It’s about the Light (and the weather)

How often do you hear the phrase “I only shoot in the golden hour”, or alternately “I won’t shoot in the middle of the day”?

I’m constantly surprised by these remarks, because, if you think about it, it only leaves a few scant hours to shoot in the Winter, and it must knock at least 12 hours off your Summer schedule too.

Life goes on, and light goes on, even during the day – and at mid-day too.

I grant you that good light is great, and when it happens, and you are there – the images, you just know, are going to be amazing. The caveat is, that this great light, has to have something great on which to fall.  No subject equates to no picture.

This week, (early in February) the weather in the UK has been pretty grim.  The folks down South seem to have had the worst of it, but up here in the micro climate that is the East Coast of Lincolnshire – we didn’t get a lot of weather as such.  What we did get was a blast of freezing fog, grey sky, sleet, and as I type a smattering of snow.  ( And even as I finish that sentence – the snow stops and the sun comes out)……..

However, I digress – I had to go out – I had an appointment that I was not able to change, or postpone, I had to go.  The roads were icy (I’m three miles from the nearest main gritted road), the fog was thick and patchy, and if I hadn’t had to get out, I’d have stayed in and watched the fog!

So, when I did get the car out, I thought I’d take the camera….. just in case.  turns out it was a good thing I did.

Appointment finished about 10am, and the fog was still freezing – the car said -5 but I thought I’d head out to the coast.

First impressions were not thrilling, and the cold air took my breath away.

_DSF1966-Edit
None the less, I enjoyed the lead lines fading away into the distance.

It was heading up to 11am by the time I arrived at my next location – which I swung into on impulse.  It’s the Country park, which is usually chock full of dog walkers and joggers.  The paths were OK, but the car park itself was lethal.

The hoar frost made everything look much more beautiful, and the low light gave everything an air of peace.

_DSF1985

By changing the white balance on the camera from sunny to cloudy, it warmed the pictures up a little but still allowed for that feeling of cold.

Moving around the lake to the jetty I found that by shooting low – (this means sitting in the frosty grass by the way), I was able to get my favourite shot of the day.

_DSF1978-Edit-Edit

A tweak or two in photoshop, add a vignette, and I’m done.  It’s lunchtime.  The light is directly overhead, it would be harsh but for the fog (now lifting) – it’s revealed the textures in the icy water and in the wooden stumps.  There’s no cloud, so I’ve not shown much of the sky.

All in all, I’m glad of the appointment – I’m glad I shot in the worst part of the day – chose the wrong weather, got cold, and wet.  It was worth it.

Get out in the ‘weather’, whatever it may be.  You just don’t know what will be revealed.

Author: Diane Seddon ARPS AFIAP CPAGB BPE3* - D Seddon Photography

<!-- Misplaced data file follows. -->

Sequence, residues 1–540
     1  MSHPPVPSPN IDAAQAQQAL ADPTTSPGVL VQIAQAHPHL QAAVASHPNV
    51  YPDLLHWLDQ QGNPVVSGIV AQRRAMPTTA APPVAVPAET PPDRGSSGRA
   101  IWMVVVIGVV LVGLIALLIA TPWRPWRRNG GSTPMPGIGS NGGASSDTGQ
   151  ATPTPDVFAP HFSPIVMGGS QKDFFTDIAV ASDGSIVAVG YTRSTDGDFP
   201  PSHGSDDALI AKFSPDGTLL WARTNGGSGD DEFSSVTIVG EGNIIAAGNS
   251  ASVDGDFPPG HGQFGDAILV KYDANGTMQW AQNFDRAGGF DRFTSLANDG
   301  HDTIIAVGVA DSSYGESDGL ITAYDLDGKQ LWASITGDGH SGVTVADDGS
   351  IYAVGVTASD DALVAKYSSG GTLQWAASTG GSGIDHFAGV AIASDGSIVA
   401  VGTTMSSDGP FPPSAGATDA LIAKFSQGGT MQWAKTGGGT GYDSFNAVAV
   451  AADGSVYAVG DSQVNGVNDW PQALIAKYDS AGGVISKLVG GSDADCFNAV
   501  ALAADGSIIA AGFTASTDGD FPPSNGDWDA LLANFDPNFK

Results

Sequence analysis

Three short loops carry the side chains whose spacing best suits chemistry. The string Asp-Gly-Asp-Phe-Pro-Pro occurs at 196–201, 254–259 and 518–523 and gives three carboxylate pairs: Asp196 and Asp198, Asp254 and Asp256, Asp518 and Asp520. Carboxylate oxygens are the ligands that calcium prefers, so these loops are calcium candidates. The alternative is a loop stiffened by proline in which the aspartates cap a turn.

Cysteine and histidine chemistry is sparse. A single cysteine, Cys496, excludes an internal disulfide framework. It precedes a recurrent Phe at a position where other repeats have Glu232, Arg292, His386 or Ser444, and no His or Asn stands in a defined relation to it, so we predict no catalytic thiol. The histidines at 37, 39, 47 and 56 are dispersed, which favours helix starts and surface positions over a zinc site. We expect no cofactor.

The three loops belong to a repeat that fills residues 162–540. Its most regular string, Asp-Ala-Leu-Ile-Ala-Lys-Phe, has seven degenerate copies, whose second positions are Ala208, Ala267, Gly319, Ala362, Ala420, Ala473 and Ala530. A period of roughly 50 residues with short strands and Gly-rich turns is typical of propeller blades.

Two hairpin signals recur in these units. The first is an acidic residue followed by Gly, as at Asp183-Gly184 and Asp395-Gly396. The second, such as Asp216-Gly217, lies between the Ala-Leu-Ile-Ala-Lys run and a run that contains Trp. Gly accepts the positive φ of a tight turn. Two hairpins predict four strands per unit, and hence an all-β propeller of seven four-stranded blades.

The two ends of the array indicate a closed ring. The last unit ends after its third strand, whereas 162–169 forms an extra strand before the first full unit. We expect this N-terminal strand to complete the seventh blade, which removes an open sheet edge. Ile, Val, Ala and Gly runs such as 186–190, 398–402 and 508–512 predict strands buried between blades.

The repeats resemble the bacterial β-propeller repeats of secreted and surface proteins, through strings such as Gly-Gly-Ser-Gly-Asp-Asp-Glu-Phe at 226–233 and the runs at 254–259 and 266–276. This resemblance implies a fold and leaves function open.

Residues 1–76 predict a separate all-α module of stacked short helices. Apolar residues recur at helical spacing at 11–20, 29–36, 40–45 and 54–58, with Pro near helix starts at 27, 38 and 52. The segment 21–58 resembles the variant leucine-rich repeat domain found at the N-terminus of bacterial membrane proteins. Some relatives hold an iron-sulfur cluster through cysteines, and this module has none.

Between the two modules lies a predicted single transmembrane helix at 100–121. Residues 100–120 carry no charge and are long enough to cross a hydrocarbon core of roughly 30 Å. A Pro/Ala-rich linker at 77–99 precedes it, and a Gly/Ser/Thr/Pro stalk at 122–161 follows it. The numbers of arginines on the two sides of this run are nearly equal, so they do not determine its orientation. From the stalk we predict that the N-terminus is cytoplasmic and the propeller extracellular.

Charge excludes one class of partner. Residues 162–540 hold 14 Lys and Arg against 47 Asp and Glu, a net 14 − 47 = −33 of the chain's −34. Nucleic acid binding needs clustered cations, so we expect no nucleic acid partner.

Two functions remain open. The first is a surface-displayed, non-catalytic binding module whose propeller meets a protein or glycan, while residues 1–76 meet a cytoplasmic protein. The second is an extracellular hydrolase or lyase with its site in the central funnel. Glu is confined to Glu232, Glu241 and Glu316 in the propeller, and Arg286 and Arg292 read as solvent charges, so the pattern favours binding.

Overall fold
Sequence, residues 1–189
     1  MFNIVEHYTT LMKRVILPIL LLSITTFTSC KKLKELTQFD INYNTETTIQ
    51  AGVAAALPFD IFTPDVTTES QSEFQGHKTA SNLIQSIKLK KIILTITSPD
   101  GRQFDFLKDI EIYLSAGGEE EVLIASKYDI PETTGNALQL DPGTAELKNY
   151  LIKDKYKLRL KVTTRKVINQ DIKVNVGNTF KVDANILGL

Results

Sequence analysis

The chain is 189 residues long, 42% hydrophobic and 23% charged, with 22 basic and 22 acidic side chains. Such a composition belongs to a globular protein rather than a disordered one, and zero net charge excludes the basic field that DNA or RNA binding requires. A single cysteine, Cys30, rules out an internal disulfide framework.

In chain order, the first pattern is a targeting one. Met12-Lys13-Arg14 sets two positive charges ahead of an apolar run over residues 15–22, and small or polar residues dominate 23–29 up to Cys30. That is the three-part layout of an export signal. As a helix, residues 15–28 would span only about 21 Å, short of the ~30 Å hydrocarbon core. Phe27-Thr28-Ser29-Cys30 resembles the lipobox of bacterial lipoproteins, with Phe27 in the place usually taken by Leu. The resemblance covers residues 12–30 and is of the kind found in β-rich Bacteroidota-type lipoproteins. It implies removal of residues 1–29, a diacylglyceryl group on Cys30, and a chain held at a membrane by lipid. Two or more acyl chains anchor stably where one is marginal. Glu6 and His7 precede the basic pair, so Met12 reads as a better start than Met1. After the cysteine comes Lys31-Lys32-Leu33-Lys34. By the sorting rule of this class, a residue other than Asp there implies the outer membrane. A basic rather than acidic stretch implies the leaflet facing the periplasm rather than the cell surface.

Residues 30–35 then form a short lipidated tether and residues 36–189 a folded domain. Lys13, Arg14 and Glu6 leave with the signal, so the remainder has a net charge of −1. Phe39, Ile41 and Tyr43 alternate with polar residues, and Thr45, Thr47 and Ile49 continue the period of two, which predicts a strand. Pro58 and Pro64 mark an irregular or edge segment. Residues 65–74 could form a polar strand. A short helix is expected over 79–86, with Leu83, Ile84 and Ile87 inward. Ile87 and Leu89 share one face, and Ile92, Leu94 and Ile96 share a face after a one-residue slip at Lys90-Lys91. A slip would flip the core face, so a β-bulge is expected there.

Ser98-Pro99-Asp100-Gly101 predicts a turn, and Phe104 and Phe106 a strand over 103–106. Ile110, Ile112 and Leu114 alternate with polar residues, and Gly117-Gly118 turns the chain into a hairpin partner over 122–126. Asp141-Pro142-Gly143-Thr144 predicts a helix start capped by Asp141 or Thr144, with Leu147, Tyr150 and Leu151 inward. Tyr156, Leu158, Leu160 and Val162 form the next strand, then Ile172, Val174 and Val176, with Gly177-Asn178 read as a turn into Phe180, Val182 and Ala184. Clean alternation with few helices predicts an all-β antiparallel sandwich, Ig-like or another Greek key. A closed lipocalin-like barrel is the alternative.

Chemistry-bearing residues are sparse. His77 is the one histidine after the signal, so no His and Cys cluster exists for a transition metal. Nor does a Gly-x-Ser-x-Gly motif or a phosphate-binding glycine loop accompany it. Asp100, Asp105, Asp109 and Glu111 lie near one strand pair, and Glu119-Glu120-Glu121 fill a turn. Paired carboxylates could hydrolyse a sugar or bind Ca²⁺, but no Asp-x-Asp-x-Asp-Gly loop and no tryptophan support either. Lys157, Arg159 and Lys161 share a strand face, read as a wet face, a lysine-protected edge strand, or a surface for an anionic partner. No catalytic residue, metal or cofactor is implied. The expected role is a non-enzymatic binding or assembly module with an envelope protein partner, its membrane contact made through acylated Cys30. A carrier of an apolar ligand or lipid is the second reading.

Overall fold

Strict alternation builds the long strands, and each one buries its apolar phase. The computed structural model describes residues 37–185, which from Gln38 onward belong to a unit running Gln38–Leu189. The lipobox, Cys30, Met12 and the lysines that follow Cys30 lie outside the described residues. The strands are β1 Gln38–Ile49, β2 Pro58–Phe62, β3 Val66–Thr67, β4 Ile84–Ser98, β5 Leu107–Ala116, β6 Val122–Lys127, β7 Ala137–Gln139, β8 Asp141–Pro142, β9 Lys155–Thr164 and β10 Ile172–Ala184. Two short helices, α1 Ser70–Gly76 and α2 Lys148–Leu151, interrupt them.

I am a retired freelance photographer, based in Louth, Lincolnshire.

9 thoughts on “It’s about the Light (and the weather)”

  1. Your enthusiasm is infectious! I like each of them in their own way, well done!
    As to sitting on the frosty ground, it recalled one of my own memory when I was standing in the middle of a river as deep as my wellies would allow. Having set the camera up I stooped to look through the view and “sat” in the water. I got a good shot but had to sit on a very wet seat for, the rather long, drive home. I had thought to take off my wet pants etc but thought that it would be the very time I would be stopped by a WPC.
    Keep up the blog, I really enjoy it!

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    1. Oh that made me smile…… no end…….. reminds me of a shoot I did with a girl up in the Peak District – we were trashing a wedding dress, and she sat in the river, and literally turned blue – it took two of us to pull off the boots she was wearing. Thanks for the comments…..

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    1. Thank you for joining us. I look forward to hearing from you. I shall follow your blog too. It’s interesting, the stories behind the benches.

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  2. I too have been “enjoying” the freezing fog & frost, it’s too easy to just turn the CH up and stay indoors. If nothing else, images in these conditions are “different”!
    Your images on this post illustrate the reward we get from a little effort + a lot of pain, I really like them all but the last image alone would be reward enough for a little hardship!

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    1. Thank you David. I like the last image very much. I was surprised how it turned out in the end.

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  3. Lovely pics as always, Diane. Sitting in the frosty grass? Oooh arrh! I’ve got one of those small three legged folding seat. Very light, quick to erect and gets you down low. I still love your images.

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    1. Thanks Peter – good to have you as a follower. I miss your quirky sense of humour…. 🙂

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  4. As usual your pictures are very good, the weather was very cold but there was lots to photograph, conditions not seen that often, so would have been a missed opportunity had the camera stayed at home. Well done.

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